Ever wondered what its like to be a monk?
Hinduism celebrates both asceticism and pragmatism; enlightenment can be attained, the wise explain, both by renouncing the worldly and (properly) engaging with it. Hindus revere the monk — whether a student (brahmachari) or a master (sannyasi) — for his self-sacrifice, detachment, and singular focus on a simple life dedicated to spiritual pursuits. At the same time, the faith also glorifies the householders for their ability to live and work in the general society in a spirit of devotion; householders are the exemplars of being “in the world, but not of it.”
In an ideal Hindu society, the monks and householders should compliment one another, bringing the other a new perspective. Far too often, however, the two end up misunderstanding or even resenting each other. Monks may start to see those with families as spiritually weak, attached to the pleasures of the world and burdened by so many distractions. Householders may condemn monks as self-righteous elitists or even lazy escapists.
One way of overcoming this tendency, I think, is to spend some time
inhabiting the world of the other. For my wife and myself, along with a
few other members of our temple congregation, one such opportunity came
this past long weekend. The resident monks — who live together in the ashram,
maintain the temple, and tend to the service of the sacred icons (murti)
— were attending a much-needed retreat in the country-side, and
requested that we householders move in for a few days and take care of
things in their absence.
The experience became much more than
just a mere house-sitting, however. It was instead, a unique chance to
see life — even if for just a few days — through the eyes of a monk,
and to carry lessons learned back with me. And those lessons, from the
profound to the mundane, were many. Here are a few reflections that
Living in the temple
was an exercise in re-calibrating and discovering, quite literally, that
I am not the center of the universe. In practical ways, that lesson was
unavoidable: the day’s schedule revolved around service (in this case,
mainly a shared responsibility to tend to the deities and care for the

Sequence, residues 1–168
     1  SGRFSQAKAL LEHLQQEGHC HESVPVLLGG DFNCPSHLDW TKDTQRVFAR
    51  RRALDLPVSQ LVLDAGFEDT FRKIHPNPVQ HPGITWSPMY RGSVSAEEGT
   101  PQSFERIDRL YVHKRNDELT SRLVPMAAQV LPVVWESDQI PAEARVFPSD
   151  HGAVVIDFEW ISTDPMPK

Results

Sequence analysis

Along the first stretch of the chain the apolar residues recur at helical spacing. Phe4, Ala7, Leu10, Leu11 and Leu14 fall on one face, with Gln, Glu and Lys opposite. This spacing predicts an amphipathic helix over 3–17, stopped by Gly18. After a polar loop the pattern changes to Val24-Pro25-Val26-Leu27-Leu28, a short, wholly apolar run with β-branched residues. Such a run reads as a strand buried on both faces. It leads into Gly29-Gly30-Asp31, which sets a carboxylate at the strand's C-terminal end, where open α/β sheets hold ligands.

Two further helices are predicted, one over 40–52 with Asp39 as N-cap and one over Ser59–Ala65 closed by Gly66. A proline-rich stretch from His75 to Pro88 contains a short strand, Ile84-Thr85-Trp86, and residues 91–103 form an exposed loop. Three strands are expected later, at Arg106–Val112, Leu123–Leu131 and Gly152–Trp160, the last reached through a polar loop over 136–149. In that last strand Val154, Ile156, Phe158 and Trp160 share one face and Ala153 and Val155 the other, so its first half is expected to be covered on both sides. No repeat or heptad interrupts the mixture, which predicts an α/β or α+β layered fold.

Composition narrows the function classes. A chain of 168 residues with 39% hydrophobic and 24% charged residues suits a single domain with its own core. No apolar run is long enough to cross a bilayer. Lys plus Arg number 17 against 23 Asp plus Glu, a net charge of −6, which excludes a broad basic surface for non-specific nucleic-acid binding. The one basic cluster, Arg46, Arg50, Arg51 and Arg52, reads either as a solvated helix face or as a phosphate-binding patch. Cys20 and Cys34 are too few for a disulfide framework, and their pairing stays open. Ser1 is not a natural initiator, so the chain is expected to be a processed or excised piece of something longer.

temple). What a powerful and humbling idea: from the time I wake up to
the place I rest my head, every decision or action I take is based on my
service to God and His creation.
Application: Can I
honestly evaluate who or what is in the center of my existence right
now, in my day-to-day life? Can I intentionally re-calibrate and
re-center, so that everything I do is an act and expression of service?
Temples and ashrams are traditionally communal spaces.
Notions of personal space, I quickly learned, need to be re-defined
(and to some extent, transcended) here. This was true on the physical
level; more so, however, on the emotional and social level. Space was
tight and spending all day together, serving and living side-by-side,
was revealing. Familiarity breeds contempt. Irritations and clashing
egos forced us to confront how much we need to work on ourselves if we
want to go deeper in our relationships. We learned to accept one another
and look beyond one another’s shortcomings or quirks in order to share
in a common purpose. I realized that a monastery must function as an
actual family, and could appreciate how transparent and real everyone
must be with one another in order to survive. As householders, we often talk
about community; the monks live it, day in and day out.
Can I be more aware of where my relationships are superficial or
guarded? Can I work on cultivating closer, deeper relationships– even
when it means confronting the minor disagreements and stepping-on-toes
that is inevitable? Can I learn to see those challenges as opportunities
to grow in community?
Discovering Simple Joy
I need to be happy? In my ordinary life, I often conflate my “needs”
and my “wants,” and tend to view happiness as being dependent on the
accumulation of more and more stuff. Life at the temple was, in many
ways, a voluntary fasting from this tyranny of things. For ashram
residents, simplicity is a key. The monks live simply,
sleeping on a mat on the floor and keeping their few possessions in a
tidy locker– one of the senior monks (and a dear friend) jokingly refers
to the lockers as “the most coveted real estate in New York City.” And
in a deeper sense, they have everything they
need. But the “spartan” lifestyle doesn’t turn them into bitter
misanthropes. Quite the opposite– just about every monk I’ve met has a
certain lightness about him, and seems to radiate joy. I got a blessed
glimpse of this during my own stay at the monastery; stripped of a lot
of the external trappings, I suddenly found myself discovering happiness
and satisfaction in even the (apparently) tiniest of things.
Application: How can I simplify my life? Can I learn to resist
the temptation to pin happiness on the latest gizmo or gadget, and
instead grow to appreciate the joy that is waiting to be discovered all
around me? Can I make this type of “fasting” a regular part of my
All of this is not to say that the monks don’t have their share of
challenges– they do. And I am aware that my weekend at the monastery
was just that– a weekend. Like the city slicker who spends a
delightful weekend roughing it in the wilderness, I was grateful for the
experience but relieved to return to the comfort of my own bed on
Monday. Still, even as I strive to apply the lessons I learned there, a
part of me longs for that simple luxury of a mat on the floor and a
locker to call my own. It is a wealth that I am only beginning to see
the true value of.